Watching “Limelight,” about the rise and politically engineered fall of onetime Manhattan nightclub kingpin Peter Gatien, is like looking through a family album: If you’re in the family, you might be interested. Otherwise, helmer Billy Corben’s candy-hued docu is a fairly wobbly walk down a memory lane littered with feathers, leather and empty coke vials. Release by Magnolia will give the film considerable exposure, although interest will be limited, perhaps to certain neighborhoods in New York.
“Limelight” is named for the notorious nightclub Gatien established in an abandoned Episcopal church on Sixth Avenue; during the ’80s and ’90s, it proved a desanctified gateway for hip-hop, Ecstasy and a musical phenomenon imported from the U.K., raves. Lit up like a lava lamp (which is the wrong decade entirely), the film lays out how Gatien went on to open Palladium, Tunnel and Club USA, all cultural petrie dishes at a time of great social metamorphosis. Corben makes the point that all this came to a crashing end with the advent of Rudolph Giuliani, who, together with federal prosecutors, killed New York nightlife and made Gatien’s life a living hell.
Gatien, who was born in Canada (where he lost an eye playing hockey) and had clubs in Miami and Atlanta before opening the first Limelight in New York, is an engaging character, although he seems snakebitten by his years of prosecution and persecution. Others in the film include party promoter Michael Alig (played by Macaulay Culkin in the 2003 film “Party Monster”), who was eventually convicted in 1996 of killing a man known as Angel Melendez; and Michael Caruso, known as Lord Michael, who admits to having been involved not only in a massive Ecstasy trade but also kidnappings and assaults; others interviewed imply he committed a murder. Such are the film’s unreliable witnesses.
The prosecution of Gatien — who, the feds charged, was complicit in and benefited from the drug sales at in his clubs — is the best part of the film, especially since Corben, through his interviewees, establishes what a trumped-up case the government constructed (and lost). As unsavory as some of Gatien’s customers may have been, they were babes in the woods compared with some of his colleagues, whom the feds used as witnesses in their case. With the entertaining exception of journo Frank Owen, who covered the club scene for the likes of the Village Voice during the ’90s, there isn’t a trustworthy, agenda-free soul among them, including members of the Giuliani administration and all the lawyers involved. But this ultimately ends up hurting the movie: What the viewer wants is a voice (other than Owen’s) that might weigh in with some legal authority on the witchhunt being waged. No such figure appears.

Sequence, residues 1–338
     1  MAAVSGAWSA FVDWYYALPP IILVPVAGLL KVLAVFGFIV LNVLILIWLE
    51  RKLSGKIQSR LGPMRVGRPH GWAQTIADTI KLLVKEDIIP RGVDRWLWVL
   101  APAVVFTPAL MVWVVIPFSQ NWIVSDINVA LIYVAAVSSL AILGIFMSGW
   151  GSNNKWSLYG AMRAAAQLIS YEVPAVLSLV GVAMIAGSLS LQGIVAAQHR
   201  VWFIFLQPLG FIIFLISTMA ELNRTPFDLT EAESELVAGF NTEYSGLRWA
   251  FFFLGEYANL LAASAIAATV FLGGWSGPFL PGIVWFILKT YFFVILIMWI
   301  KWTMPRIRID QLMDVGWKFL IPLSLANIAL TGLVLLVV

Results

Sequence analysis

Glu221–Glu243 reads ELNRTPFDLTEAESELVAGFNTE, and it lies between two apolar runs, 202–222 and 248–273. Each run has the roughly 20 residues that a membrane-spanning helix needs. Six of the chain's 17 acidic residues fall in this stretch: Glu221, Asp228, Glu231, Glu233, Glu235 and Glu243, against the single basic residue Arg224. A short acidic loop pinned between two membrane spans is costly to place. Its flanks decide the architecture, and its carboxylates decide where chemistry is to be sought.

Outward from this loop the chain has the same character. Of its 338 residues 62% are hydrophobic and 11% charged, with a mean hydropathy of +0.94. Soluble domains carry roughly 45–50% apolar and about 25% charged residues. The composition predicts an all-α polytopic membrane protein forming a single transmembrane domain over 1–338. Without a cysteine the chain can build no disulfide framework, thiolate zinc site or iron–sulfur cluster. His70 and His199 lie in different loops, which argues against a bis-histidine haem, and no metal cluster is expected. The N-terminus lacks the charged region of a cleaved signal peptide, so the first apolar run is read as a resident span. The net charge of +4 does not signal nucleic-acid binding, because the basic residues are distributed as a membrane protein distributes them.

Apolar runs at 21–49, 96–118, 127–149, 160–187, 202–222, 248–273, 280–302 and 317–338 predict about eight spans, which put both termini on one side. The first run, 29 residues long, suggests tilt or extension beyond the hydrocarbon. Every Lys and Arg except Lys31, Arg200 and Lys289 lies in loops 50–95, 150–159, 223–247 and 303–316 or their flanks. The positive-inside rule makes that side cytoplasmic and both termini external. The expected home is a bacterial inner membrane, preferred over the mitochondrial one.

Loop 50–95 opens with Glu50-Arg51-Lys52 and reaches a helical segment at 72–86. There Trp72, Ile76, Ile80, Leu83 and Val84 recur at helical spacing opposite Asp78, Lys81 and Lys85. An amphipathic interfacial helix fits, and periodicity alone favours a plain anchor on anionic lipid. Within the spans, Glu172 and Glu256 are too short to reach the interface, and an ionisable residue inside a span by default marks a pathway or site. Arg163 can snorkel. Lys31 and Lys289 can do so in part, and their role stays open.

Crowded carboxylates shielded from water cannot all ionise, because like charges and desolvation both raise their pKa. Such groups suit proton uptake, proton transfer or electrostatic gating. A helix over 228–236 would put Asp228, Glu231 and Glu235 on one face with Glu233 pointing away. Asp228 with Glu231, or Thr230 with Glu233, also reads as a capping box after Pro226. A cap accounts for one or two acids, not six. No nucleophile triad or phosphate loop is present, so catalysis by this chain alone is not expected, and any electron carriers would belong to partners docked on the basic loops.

Corben also tries too hard; in an effort to convince the viewer that Limelight and the black-eyepatch-wearing Gatien meant something, he fills the film with shaky-cam footage, news reports (some of which seem entirely suspect) and post-production trickery intended to entrance the ADD-afflicted. As if knowing he’s trading in a slippery form of nostalgia, the director pulls out all the stops to make “Limelight” visually echo the pre-AIDS, pre-herpes, pre-drug-law New York in which Gatien’s clubs flourished. Despite these attempts to simulate a heady drug experience, all the viewer will want is an aspirin.